Judge Zagel ended up with both the Bill Cellini and Rod Blagojevich cases when prosecutors added the former governor to the existing Cellini corruption indictment, a tactic that raised some eyebrows in legal circles.

Chief Judge Holderman declined to be interviewed for this story.

U.S. District Court/Chicago website:

Chicago Bar Association
Interview with Chief Judge James Holderman, concerning operation of Northern District of Illinois Court: www.youtube.com/watch?v=hCsSrDIYwmQ

Northern District of Illinois
Internal Operating Procedures

IOP02. Executive Committee

(a) Duties & Responsibilities. This Court shall administer and conduct its business by action of its Executive Committee. The Executive Committee shall prescribe its own rules of procedure. Each of the members other than the non-voting members shall have one vote. The presiding chief judge or acting chief judge may vote in the case of a tie.

The members of the Executive Committee shall meet not less than once a month, except as they otherwise determine. Such meetings shall be prior to the regular monthly meetings of the Court. The chief judge may call the members of the Committee to attend a special meeting where a ruling of the Committee is required and such ruling cannot be delayed until the next scheduled regular meeting.

The Executive Committee shall report a summary of its actions and activities to the Court at regularly scheduled meetings of the judges. Decisions and actions of the Executive Committee taken on behalf of the Court may be approved or disapproved by a majority of the judges of the Court.

(b) Composition of the Executive Committee. The Executive Committee shall be composed of the chief judge, the acting chief judge, four regular active judges of the Court, the presiding magistrate judge, and the clerk of the Court. The chief judge, the acting chief judge, the presiding magistrate judge, and the clerk will be non-voting members of the Executive Committee. The chief judge or, in the absence of the chief judge, the acting chief judge, shall preside over the meetings of the Executive Committee. The clerk shall serve as secretary to the Executive Committee.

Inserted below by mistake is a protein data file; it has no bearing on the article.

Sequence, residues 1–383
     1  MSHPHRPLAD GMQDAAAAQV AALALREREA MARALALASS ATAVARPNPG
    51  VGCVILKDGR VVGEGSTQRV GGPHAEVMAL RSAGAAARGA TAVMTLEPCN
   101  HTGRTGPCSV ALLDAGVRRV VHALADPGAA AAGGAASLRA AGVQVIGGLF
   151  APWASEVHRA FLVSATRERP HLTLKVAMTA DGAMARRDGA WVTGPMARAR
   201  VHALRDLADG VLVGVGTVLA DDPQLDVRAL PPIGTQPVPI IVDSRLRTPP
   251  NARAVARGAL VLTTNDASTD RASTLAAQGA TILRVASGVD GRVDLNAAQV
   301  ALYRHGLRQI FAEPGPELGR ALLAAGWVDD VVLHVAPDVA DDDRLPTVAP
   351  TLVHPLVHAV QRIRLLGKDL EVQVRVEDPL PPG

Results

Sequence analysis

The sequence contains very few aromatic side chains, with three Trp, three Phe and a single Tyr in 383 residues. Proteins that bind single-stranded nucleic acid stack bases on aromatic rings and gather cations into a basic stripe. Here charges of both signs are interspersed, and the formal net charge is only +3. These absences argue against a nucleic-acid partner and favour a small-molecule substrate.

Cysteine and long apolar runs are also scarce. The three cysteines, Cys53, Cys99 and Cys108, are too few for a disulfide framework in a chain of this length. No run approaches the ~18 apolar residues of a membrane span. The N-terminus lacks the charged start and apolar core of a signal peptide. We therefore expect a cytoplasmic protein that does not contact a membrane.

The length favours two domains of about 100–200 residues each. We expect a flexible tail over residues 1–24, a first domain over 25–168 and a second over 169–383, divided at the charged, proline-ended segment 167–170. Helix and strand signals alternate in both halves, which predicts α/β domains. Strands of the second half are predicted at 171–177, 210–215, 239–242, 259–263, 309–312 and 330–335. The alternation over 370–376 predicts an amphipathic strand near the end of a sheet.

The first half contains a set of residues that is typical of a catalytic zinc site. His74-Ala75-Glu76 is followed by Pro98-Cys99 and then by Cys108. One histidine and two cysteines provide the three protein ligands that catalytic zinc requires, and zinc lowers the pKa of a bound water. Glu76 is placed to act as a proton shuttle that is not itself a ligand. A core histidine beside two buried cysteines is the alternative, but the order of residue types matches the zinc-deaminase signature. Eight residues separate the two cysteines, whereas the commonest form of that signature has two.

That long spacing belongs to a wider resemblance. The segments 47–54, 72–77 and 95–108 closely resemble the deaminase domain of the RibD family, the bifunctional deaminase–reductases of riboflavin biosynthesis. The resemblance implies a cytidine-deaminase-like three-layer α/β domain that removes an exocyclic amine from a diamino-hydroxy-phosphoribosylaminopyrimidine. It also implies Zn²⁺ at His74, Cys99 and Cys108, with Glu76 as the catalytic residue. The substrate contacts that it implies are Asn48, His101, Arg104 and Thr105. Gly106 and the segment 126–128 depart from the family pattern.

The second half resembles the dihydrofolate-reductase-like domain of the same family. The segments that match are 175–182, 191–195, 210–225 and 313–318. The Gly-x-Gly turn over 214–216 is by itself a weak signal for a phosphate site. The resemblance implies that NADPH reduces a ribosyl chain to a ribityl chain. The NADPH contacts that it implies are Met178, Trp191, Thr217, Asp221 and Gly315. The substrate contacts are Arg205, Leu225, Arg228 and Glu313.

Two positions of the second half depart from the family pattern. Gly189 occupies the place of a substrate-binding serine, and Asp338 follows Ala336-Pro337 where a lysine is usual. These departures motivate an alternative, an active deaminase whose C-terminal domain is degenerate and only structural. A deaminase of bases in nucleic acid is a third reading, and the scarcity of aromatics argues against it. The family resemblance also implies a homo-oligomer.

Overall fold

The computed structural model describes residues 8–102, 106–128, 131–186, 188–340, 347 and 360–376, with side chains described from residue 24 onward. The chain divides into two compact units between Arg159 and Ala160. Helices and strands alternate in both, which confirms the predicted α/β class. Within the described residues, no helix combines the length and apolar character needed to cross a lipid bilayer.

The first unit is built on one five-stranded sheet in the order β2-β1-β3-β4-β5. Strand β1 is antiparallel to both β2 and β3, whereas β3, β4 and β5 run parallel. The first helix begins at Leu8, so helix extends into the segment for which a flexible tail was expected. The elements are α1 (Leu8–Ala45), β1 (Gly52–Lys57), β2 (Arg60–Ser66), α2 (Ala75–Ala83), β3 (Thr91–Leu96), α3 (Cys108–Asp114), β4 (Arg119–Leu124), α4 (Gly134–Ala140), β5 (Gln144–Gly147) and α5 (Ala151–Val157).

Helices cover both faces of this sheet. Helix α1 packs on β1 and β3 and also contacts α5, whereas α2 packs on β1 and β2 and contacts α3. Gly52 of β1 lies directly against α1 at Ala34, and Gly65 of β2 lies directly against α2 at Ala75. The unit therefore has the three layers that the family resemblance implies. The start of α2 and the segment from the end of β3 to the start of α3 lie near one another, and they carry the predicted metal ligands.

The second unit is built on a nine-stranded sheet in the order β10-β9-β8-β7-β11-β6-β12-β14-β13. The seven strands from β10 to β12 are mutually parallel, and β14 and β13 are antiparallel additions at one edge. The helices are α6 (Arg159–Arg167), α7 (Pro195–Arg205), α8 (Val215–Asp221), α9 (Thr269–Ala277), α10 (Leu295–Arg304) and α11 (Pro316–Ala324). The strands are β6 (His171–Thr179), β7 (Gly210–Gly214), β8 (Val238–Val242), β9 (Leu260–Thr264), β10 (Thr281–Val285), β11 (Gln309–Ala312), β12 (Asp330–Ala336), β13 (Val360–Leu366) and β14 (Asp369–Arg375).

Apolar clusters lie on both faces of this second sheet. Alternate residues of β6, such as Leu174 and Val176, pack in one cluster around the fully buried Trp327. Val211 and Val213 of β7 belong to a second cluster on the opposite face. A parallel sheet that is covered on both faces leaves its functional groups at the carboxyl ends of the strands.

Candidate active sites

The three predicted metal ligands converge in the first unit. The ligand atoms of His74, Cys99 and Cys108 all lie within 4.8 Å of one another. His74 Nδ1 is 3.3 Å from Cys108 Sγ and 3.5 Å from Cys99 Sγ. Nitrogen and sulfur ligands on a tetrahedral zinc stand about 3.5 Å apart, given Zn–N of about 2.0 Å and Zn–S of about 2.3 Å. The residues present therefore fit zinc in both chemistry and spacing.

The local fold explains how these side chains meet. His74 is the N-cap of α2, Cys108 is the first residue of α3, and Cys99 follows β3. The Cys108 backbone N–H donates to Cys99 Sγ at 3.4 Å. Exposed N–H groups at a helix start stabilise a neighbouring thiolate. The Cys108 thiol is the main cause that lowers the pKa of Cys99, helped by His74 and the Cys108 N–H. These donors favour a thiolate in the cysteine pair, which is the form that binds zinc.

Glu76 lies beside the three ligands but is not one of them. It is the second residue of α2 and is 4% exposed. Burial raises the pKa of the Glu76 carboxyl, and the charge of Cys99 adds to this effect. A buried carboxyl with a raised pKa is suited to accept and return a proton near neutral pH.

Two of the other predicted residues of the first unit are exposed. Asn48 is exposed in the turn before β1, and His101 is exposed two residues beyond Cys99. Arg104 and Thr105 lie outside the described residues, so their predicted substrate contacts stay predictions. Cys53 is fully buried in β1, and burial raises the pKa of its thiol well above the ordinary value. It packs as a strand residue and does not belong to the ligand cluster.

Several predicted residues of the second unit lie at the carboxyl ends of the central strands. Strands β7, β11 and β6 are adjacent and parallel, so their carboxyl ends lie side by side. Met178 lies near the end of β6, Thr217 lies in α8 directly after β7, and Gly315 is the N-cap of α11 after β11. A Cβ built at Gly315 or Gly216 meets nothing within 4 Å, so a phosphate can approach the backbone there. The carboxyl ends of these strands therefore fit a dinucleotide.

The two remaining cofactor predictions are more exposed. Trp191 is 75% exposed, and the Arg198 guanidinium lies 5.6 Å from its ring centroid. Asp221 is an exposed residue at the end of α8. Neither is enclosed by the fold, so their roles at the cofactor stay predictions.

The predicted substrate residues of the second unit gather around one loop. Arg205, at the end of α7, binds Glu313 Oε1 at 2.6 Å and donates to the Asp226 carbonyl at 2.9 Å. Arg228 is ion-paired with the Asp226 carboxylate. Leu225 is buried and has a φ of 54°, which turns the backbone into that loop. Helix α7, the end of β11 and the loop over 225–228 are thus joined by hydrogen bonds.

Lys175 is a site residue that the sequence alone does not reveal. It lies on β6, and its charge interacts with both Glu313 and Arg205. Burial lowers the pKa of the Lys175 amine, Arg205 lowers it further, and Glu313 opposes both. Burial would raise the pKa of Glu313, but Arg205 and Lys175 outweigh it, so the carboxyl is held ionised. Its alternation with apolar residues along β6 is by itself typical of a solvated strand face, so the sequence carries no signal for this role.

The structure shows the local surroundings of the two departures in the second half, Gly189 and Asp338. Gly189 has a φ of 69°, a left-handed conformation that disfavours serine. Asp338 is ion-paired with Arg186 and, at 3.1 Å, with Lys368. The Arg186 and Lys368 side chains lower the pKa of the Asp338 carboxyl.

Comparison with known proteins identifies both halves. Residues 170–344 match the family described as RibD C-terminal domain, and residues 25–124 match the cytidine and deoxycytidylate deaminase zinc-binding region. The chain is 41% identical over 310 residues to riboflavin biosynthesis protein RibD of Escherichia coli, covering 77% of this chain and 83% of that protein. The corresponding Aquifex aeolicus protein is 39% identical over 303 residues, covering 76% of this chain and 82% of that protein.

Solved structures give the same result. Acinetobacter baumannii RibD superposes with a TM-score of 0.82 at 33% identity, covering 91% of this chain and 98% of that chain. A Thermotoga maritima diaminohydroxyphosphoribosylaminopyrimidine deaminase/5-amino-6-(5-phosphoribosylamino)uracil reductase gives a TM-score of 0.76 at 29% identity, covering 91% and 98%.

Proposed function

Membership in the Executive Committee shall be rotated among the regular active judge of the Court in order of seniority. Except as otherwise provided by this section, the term of each regular active judge other than one holding non-voting membership shall start on 15 September and end on 14 September four years later. As the term of such a member of the Executive Committee expires or terminates for any reason, the regular active judge with the most seniority who has not served on the Executive Committee shall become a member. When all the regular active judges of the Court have served one term, membership shall be rotated on the basis of seniority of the active judges then members of this Court, provided that the chief judge may not serve as both a four year term member and ex officio. When a judge assumes an unexpired term vacated by another judge, that judge shall serve for four years starting on the day following the last day of service of the judge who failed to complete a four year term.